Dimelo: Love, Relationship & Sex Advice
By Pauline Campos | 09/16/2013 - 14:10
Happy Hispanic Heritage Month, Dimelo readers!
Last week I told you all about me and my Heritage Month Virgin-ness. I'm new to celebrating the month recognizing the histories, cultures, and contributions of Latino Americans (and I'm not ashamed to admit it). Now that I'm here, though, it's guns blazin' on learning (and sharing) all I can in the my online column series devoted to All Things Latino American.
By Pauline Campos | 09/09/2013 - 13:27
I have a confession to make: I'm a Hispanic Heritage Month virgin.
That's right. Even though the month-long celebration recognizing the histories, cultures, and contributions of American Latinos began in 1968—and I was born in 1977, mind you—this is my first time showing up for the party.
Don't get your 'chonis in a bunch yet, my friends. I'm here now and I plan to use the four weeks between Sept. 15 and Oct. 15 to make up for lost time.
By Pauline Campos | 09/05/2013 - 10:15
By Pauline Campos | 08/26/2013 - 13:37
There's no easy way to say this, so I may as well just put it plainly: y'all need to just get over Miley Cyrus and her performance at the Video Music Awards.
I normally don't watch TV because twitter watches it for me. And my entire timeline was filled with horror and embarrassment for the former Disney star. It seems little Hannah Montana is now showing the world that she can, in fact, do what she wants...and the world doesn't like it.
By Pauline Campos | 08/20/2013 - 10:07
I used to think in Spanish. I used to tell stories about Mickey Mouse and magic and witches flying on brooms and pause only to ask my tia "como se dice dragons?" before continuing with my tale. Today I think in English and am fully aware of the thought-process in my brain as I work to translate what I want to say from English to Spanish as I’m speaking.
By Pauline Campos | 08/15/2013 - 11:02
My job is to give advice on love and life and relationships. My blogs are full of essays and stories that are meant to empower women and young girls to see the beauty in their reflections and love themselves as they are. My business cards say Giver of Solicited Advice and I like to refer to myself as a body image cheerleader.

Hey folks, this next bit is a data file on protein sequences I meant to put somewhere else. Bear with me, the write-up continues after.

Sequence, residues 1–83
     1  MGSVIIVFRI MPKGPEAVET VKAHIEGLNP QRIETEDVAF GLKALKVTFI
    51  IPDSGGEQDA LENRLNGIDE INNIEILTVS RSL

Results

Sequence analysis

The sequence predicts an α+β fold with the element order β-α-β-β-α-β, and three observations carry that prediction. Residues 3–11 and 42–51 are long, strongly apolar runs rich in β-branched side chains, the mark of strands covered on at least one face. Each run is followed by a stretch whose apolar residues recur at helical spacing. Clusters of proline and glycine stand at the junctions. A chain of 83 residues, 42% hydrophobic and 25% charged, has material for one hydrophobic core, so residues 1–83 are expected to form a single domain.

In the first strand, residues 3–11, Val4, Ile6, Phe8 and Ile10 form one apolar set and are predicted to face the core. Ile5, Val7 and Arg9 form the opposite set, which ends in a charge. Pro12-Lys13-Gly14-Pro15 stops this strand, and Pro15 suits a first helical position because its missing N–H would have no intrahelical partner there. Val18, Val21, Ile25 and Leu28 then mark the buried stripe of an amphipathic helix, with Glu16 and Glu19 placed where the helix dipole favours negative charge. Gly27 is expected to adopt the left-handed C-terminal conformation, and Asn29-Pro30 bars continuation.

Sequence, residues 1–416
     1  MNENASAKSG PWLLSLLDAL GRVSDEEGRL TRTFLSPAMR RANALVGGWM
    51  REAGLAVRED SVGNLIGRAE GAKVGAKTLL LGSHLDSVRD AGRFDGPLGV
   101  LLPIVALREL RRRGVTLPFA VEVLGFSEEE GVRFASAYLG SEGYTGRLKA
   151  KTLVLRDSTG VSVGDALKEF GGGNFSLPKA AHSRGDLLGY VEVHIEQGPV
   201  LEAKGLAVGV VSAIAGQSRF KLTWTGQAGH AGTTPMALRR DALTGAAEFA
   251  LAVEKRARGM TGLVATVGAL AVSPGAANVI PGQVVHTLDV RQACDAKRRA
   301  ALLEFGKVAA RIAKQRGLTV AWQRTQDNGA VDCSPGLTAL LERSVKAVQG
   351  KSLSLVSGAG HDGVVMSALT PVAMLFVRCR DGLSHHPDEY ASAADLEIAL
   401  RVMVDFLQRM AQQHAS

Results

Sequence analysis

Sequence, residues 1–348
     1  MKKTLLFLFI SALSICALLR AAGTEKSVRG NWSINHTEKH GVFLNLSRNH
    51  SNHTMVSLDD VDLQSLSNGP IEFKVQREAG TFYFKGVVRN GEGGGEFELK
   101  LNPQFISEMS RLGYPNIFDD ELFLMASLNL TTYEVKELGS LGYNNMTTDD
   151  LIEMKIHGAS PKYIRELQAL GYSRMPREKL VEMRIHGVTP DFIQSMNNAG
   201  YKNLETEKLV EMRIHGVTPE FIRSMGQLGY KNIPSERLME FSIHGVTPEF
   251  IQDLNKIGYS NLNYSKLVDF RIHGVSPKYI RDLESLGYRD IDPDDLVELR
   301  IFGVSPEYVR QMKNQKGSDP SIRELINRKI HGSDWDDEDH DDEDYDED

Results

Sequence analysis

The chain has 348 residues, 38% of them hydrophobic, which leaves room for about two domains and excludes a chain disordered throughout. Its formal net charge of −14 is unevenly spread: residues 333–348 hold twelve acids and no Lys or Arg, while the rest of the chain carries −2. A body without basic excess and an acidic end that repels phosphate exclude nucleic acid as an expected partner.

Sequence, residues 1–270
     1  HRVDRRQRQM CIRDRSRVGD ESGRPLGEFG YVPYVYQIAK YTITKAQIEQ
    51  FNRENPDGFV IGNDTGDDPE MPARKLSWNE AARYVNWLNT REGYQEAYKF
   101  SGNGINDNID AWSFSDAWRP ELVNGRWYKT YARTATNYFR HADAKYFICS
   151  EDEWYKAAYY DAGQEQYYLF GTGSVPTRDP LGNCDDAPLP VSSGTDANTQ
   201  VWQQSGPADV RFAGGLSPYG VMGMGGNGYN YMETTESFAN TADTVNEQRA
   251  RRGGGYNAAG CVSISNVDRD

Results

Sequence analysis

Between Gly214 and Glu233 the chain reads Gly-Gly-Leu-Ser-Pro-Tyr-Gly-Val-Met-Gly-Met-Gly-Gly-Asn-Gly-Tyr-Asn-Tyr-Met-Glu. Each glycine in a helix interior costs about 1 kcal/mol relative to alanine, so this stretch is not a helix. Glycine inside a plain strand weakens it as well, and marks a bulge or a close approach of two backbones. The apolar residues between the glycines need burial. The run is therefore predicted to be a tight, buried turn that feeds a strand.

But that doesn't mean I don't have bad days. Because I do.
I think you need to know that.
I also wait out the bad days because I know tomorrow, I get to try again. You need to know that, too.
By Pauline Campos | 08/06/2013 - 16:33
Okay. We need to talk.
First I want to know if you remember singing the words to the Star Spangled Banner in elementary school. I do.
Now I want to know how you feel about the onslaught of recent headlines about Twitter getting twitchy because Marc Anthony may or may not rolled his R's while singing "God Bless America."
That's UnAmerican, says Twitter. He has an accent when he says the words, says Twitter. Why isn't Kesha performing instead, says Twitter.
By Pauline Campos | 07/31/2013 - 11:15
I'm finally home from this year's amazing BlogHer conference in Chicago. I'm exhausted because attending the annual gathering of women bloggers is like trying to fit 50 years of wedded bliss into a four-day weekend: Amazing connections forged or strengthened. New friends. New information. New perspectives.
By Pauline Campos | 07/19/2013 - 11:15
Cultural identity is on the brain today.
I've been chatting about the topic with fellow bloggers Ananda Leeke and Dwana Delacerna, my co-hostesses for the MultiCulti Extravanganza, a party celebrating blogger diversity at this year’s BlogHer Conference in Chicago on July 25-27.
So I want to ask you, what is your own cultural identity and what do you celebrate most? And what part, if any, does ancestry play in the culture with which you identify?
By Pauline Campos | 07/08/2013 - 17:03
Dear Robert Martinez,
I come from a generation who grew up thinking that no child's birthday party was complete without at least one drunk Mexican sitting on a roof. We took our piñata entertainment portion of the festivities seriously. That meant blindfolds, spinning each kid three times and facing them the wrong way before sending them off with the baseball bat, while the drunk on the roof laughed hysterically as he mercilessly played with each child by baiting them into complacency before swiftly yanking the piñata out of reach.